Sowing and Growing Sage Seed

Ever since I started going to camps and seeing Sage used as a purificationm insence, I've wanted to grow it rather than buy it in small, rather expensive packs in alternative shops.

Its a Californian plant, so definately not hardy in the UK; I take mine outside into a sunny part of the garden from Spring to Autumn Equinox, March to September ish. They are desert plants, so can tolerate low temperatures, but not damp and cold.

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The seeds are small, and quite fiddly. I store them in a dry cool place, actually an old amunition box with some silica gell.

They have a low germination rate, about 10% to 15%. so I sow pretty thickly.

I start sowing around late March


The soil should be dry, sandy and well drained. I've used 30% sharp sand, 30% Vermiculite and 30% potting compost. Cactus potting soil should be worth a try.

I use seed trays filled with dry potting soil, and thorougly water the seeds with a spray mister when the tray is full. Depth of soil about 1/2 inch. I think this might need to be deeper, so next season I'll increase to about an inch.

Sprinkle the seed lightly on the surface, and spray, then cover with 1/8 to 1/4 inch of soil; I've used vermiculite as its easier to cover evenly.

I put the trays into a heated propogator set to about 22 deg C. I think this doesnt have enough light as my house has think walls and small windows. To try next year; use the greenhouse and put them in there; the heater should keep them warm enough and they'll get loads of light.

Allow the soil to become dry to the touch before watering again, using a spray mister.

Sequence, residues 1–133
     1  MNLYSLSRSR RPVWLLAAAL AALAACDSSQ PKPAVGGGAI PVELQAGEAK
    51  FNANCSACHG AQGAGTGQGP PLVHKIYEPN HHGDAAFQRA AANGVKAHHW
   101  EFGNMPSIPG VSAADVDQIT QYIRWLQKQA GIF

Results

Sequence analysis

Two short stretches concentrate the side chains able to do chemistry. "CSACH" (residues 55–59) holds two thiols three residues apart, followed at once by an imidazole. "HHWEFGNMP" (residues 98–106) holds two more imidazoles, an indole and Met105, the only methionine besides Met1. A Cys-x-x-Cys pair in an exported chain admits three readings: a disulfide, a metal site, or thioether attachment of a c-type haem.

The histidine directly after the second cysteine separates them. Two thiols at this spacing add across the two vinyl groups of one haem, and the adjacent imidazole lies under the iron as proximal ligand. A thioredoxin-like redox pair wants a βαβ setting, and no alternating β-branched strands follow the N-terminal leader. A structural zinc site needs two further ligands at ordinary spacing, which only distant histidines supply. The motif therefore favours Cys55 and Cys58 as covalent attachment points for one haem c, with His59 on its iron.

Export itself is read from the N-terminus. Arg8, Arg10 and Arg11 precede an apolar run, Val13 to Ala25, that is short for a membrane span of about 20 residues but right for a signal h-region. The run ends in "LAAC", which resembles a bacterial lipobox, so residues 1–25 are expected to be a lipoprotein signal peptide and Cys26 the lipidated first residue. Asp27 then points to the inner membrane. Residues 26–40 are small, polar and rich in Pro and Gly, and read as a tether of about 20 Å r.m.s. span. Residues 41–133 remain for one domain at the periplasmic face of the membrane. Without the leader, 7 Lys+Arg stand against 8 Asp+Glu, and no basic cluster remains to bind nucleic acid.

Potting On

Transfer the seedlings to larger pots when they have sprouted two to four leaves. I use a teaspoon to gently lift the seedlings from the tray, and press the, into the pot with the same mixture of soil.

You can see how they are stretching to get to the light.


After a while in the greenhouse as the weather warms up, they join the other seedlings in the greenhouse.

I use water from the butt, hence some moss growth; this may not be a good idea, again, another thing to try and change

Ready to grow

Now in their final 5 inch pots and ready to go outside in early June. Definately need some support, and the top pinching off to encourage growth.

Use pebbles or crockery in the bottom of the pot to give good drainage

DO NOT eat the leaves



Out in the warmest part of the garden. They seem to flower in the second year, sending out long stems, ("sage wands") on which the flowers grow.

When harvesting the leavescut the stem close to the top; if you snip in the lower part of the stem, no more leaves will grow on that stem.

Don't over water

They like lots of sun, but not extreme dry heat. The leaves start to curl a little when they're too dry. In the spring and summer, use a regular liquid fertiliser.


The flowers form on little offshoots, white or yellow, and the soft stems give a good warning, litke this, that they need a bit of water

Setting Seed

The flowers shrivel and produce little seed pods in early August. Its hard to judge when they are rip, just before they open and drop the seed, I cut the stems back, and let them dry for a couple of months in a black bin bag



After a couple of months, they'll have dried and will be easy to strip off from the woody stems. The oil and scent is amazing!


A lot of husks and debris that all need sorting. I'm told you can winnow by dropping from one bucket to another, letting the breeze take the chaff, but I've never managed that... the seed is very light.

The most practical way I've found is to take a small handful at a time onto a clean white plate, and sort with tweezers. Patience is needed!

Store them in small envelopes in a cool dry place.